What Is Temperate Cyclone

What Is Temperate Cyclone? post focuses on Temperate Cyclones, Shape, Size and Speed, Wind Systems, Temperature, Source Regions, Origin of formation.

Temperate Cyclones

Shape, Size and Speed

Wind Systems

Temperature

Source Regions

Origin of formation

Cyclones

Cyclones are the centers of low pressure surrounded by closed isobars having increasing pressure outward and closed air circulation from outside towards the central low pressure in such a way that air blows inward in anticlockwise on northern hemisphere and clockwise in southern hemisphere. They range in shape from circular, elliptical to V shape. From locational viewpoint cyclones are classified into two principal types e.g. i) extra-tropical cyclones/temperate cyclones ii) tropical cyclones.

What Is Temperate Cyclone?

Temperate cyclones are atmospheric disturbances having low pressure in the centers produced in the middle latitudes characterized by converging and rising air, cloudiness and precipitation. They are formed in the regions extending between 350- 65″ latitudes in both hemispheres due to convergence of two contrasting air masses e.g. After their formation temperate cyclones move in easterly direction under the influence of westerly winds and control the weather conditions in the middle latitudes.

Shape, Size and Speed

Temperate cyclones are of different shapes e.g. circular, semi-circular, elliptical, elongated or V, but all of them are characterized by low pressure in their centres and closed isobars. The pressure difference between the centre and periphery is about 10-35 mb. It means that pressure increases from the centre towards outer margin. Average large diameter of an ideal cyclone is about t 900 km while short diameter measures t 000 km. The temperate cyclones move eastward under the influence of westerly winds with average velocity of 32 km per hour in summer and 48 km per hour in winters.

what is temperate cyclone?

Temperate Cyclone Diagram: A generalized temperate cyclone in northern hemisphere.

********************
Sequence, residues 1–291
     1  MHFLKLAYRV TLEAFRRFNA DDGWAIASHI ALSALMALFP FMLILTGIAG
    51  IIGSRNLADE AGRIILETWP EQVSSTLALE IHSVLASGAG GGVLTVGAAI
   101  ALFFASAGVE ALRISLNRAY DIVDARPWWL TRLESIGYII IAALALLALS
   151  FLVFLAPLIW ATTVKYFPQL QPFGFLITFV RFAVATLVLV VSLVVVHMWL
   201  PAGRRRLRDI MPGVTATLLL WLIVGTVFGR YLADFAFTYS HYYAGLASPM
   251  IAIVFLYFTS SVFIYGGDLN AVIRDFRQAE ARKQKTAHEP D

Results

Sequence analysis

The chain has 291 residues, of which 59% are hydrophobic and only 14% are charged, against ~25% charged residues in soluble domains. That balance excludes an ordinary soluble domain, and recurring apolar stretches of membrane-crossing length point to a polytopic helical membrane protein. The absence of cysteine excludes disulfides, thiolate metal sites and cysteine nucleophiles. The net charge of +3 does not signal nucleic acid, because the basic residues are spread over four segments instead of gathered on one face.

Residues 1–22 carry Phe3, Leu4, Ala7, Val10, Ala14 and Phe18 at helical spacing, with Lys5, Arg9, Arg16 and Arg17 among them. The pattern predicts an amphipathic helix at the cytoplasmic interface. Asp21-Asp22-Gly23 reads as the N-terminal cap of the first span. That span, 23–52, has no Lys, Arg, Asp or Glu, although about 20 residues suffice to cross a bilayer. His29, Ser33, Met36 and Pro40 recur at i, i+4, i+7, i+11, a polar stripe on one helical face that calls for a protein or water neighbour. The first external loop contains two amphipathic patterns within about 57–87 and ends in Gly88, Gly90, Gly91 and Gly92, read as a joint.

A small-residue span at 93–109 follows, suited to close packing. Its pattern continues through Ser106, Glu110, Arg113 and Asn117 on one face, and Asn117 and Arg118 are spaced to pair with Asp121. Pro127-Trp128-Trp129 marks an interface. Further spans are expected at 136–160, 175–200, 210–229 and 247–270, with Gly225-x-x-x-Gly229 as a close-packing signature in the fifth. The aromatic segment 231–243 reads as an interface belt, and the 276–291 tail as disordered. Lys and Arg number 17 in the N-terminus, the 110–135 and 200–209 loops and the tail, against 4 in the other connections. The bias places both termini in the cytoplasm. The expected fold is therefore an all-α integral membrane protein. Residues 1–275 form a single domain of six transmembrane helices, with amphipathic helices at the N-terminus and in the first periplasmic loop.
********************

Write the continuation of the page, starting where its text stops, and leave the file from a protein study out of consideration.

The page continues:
Wind Systems

Since there is low pressure in the centre of temperate cyclone and air pressure increases outward and hence winds blow from the periphery towards the centre but these winds do not reach the centre straight rather they cut the isobars at the angle of 20° to 400 due to friction and Coriolis force and thus wind direction becomes anticlockwise in the northern hemisphere and clockwise in the southern hemisphere. Since temperate cyclones are formed due to convergence of two contrasting air masses and hence it is natural that there are variations in the nature and direction of winds in different parts of the cyclones.

Temperature

Different temperatures are noted in different parts of temperate cyclones because of their origin due to convergence of two thermally contrasting air masses. The southern part of cyclone records higher temperature because of the dominance of warm air while the north-eastern, northern and north-western parts record low temperature because of the dominance of cold polar air mass. The western part records lowest temperature.

Source Regions

The areas frequented by temperate cyclones mostly lie in the middle and high latitudes extending between 350-650 latitudes in both the hemispheres. These cyclones move, on an average, in easterly direction.

Cyclones after originating in the north Pacific off the north-east and eastern coasts of Asia move in easterly and north-easterly direction towards the Gulf of Alaska and ultimately merge with Aleutian Lows from where they follow southerly direction and reach as far south as southern California. The cyclones moving inland dissipate and are occluded at the windward western slopes of the Rocky Mountains

Origin of formation

Though the formation and development of temperate cyclones is a quick process but it passes through a series of successive stages. The period of a cyclone from its inception.  (cyclogenesis) to its termination (proteolysis or occlusion) is called the ‘life cycle of cyclone’; which is completed through six successive stages.

  1. First stage: The first stage involves the convergence of two air masses of contrasting physical properties and directions. Initially, the air mass (warm and cold) move parallel to each other and a stationary front is formed. This is called initial stage.
  2. Second stage: Second stage is also called as ‘incipient stage’, during which the warm and cold air masses penetrate into the territories of each other and thus a wave-like front is formed.
  3. Third stage: This is the mature stage when the cyclone is fully developed and isobars become almost circular.
  4. Fourth stage: Warm sector is narrowed in extent due to the advancement of cold front than warm front, as cold front comes nearer to warm front.
  5. Fifth stage: Starts with the occlusion of cyclone when the advancing cold front finally overtakes the warm front and an occluded front is formed.
  6. Sixth stage: Warm sector completely disappears, occluded front is eliminated and ultimately cyclone dies’ out.

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